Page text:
Christian’s hilarious, and a true fan of the show. You talk about continuity — I’m always surprised when somebody says, “Didn’t that happen in like Season 2?” and Christian will know. We’ll forget. When we first started talking to him about his character, it was like, “We want to call the character Slater,” and he was like, “If you don’t call the character Slater, I’m gonna be mad at you.” “Can he look like you?” “God, please!” He was just so cool with it.
Speaking of early seasons, after the Honeypot gang popped back up last year, any more early recurring characters we should look out for?
We’re doing something like that again this year. We don’t like to talk down to our audience, and we don’t always necessarily fill them in. You don’t have to know, for the episode to work, but it helps. We’re doing the same thing this season with one of my favorite characters from Season 1, Conway Stern. He comes back early this season, and that starts off with Archer screaming, “REVENGE RAMPAGE!” and going for his throat.
Archer works really well when there’s someone who’s just as good, or known to be better than him, to play against, and that’s something that was missing from last season. All my favorite episodes, for example, usually have Barry in them, and he’s back this season as well. Also in that same episode is Allison Tolman, from Fargo, playing Pam’s sister.
Was following up Pam’s arc from last season a challenge? You’re in kind of a literal “how do you keep her down on the farm?” situation with her.
It was tough. I really did like what she did, and I liked that she got addicted to cocaine and was always eating it, and that was great, but we wanted big Pam back. She’s a better character as a full-figured lady.
And probably better in a fight in an alley.
I would agree with that. When you go to the movies and see some skinny Hollywood lady land a one-punch knockout, I’m always like, “Really?”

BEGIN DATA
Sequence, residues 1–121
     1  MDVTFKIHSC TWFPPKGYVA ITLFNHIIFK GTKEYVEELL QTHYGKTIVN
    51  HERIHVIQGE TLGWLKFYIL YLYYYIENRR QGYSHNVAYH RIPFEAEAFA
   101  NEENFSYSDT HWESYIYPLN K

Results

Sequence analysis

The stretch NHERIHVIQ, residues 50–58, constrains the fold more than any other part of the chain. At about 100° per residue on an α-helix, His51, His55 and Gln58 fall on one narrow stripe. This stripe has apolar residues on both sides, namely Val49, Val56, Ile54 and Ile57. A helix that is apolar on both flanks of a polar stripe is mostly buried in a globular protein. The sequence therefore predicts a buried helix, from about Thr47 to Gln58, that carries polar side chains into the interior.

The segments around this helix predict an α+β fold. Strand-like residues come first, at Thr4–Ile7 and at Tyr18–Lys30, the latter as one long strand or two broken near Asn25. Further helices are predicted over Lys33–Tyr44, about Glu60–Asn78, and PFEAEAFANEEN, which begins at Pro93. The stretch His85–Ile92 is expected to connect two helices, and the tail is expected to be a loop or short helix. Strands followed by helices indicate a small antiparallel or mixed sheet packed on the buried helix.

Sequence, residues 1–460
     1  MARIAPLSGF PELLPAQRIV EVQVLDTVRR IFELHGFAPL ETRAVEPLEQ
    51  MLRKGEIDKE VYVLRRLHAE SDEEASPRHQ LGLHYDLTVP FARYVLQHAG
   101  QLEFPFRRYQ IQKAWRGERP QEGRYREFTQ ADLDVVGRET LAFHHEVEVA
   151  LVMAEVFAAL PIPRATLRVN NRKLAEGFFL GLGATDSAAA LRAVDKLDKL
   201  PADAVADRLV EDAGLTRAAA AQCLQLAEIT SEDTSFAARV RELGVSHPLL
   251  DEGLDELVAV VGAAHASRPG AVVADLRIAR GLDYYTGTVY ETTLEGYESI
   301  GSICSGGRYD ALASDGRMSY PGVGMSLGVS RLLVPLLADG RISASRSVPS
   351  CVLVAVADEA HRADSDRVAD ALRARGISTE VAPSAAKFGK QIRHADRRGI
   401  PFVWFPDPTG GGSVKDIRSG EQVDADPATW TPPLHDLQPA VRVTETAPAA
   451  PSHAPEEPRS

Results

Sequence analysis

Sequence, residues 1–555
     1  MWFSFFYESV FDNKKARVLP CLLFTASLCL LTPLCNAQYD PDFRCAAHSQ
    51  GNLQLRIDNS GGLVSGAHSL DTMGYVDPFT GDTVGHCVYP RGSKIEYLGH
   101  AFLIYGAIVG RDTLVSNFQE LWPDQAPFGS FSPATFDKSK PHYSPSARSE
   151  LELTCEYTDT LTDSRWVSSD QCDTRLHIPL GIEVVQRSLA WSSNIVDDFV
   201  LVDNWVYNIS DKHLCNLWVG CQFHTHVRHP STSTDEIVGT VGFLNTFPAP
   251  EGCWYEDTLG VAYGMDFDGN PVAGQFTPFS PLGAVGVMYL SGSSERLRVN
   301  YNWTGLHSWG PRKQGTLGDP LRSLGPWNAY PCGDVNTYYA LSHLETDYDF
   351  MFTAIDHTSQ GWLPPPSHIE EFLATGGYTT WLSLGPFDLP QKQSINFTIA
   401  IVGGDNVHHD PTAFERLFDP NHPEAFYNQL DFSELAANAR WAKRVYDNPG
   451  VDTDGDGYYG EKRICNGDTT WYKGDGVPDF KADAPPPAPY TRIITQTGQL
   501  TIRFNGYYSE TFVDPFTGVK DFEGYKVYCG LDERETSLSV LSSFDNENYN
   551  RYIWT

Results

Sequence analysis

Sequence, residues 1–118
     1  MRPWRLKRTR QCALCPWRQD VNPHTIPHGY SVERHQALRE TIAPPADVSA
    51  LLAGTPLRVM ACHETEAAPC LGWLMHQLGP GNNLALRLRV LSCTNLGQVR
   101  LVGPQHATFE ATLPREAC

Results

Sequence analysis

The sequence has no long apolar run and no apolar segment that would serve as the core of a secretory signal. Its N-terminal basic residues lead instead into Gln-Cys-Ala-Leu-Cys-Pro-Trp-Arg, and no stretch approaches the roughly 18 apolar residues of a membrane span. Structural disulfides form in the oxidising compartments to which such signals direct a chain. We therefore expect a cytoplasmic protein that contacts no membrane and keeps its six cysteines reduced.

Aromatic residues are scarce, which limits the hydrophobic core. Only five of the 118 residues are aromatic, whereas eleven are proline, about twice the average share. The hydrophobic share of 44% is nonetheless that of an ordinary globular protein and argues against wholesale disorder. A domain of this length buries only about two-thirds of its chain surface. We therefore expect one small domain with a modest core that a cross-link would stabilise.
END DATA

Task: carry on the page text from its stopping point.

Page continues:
Now that you’ve achieved the Kenny Loggins guest star plateau, where do you go? Or are you at peace?
Lately we’ve gotten in a pattern where we find somebody we really want to do something with, and then we create the character. We wrote specifically for Kumail Nanjiani this season, because we’d always wanted to do something with a Pakistani spy but didn’t really have somebody we wanted to do it with. He agreed to do the role before the script was written.
Same thing goes for an episode we’re animating right now with Matthew Rhys, who’s the lead on the show The Americans, but he’s a Welshman. We live in Atlanta, but we get to go to these L.A. parties every once in a while, like two a year or something. And whenever we go to these things, we always end up at the bar with Matthew for some reason.
And we’re at the Super Bowl, on the bus with all the Fox actors, and we’re waiting for Rupert Murdoch’s bus to be ready. And so Matthew decided he would entertain the bus, and he got up and told this story about Welsh separatists from the 1970s planting bombs, trying to blow up English governmental things, and he portrayed them as kind of bumbling guys who never get anything right. So, for the very first time, we’re getting a credit before an episode written “by Adam Reed after a rousing tale by Matthew Rhys.” And Matthew gets to play a Welsh separatist. He’s playing a character from Wales, but he’ll keep doing an American accent, and everyone will go, “That’s the worst accent I’ve ever heard,” and then he’ll put on a wig like he does in The Americans and he’ll go, “No, no, this is how I look, I’m an American,” and everyone’s like, “No, you’re terrible, no one will ever believe that.”
With production design being such a vital part of the show, was it creatively rejuvenating at all to go do something different for a season?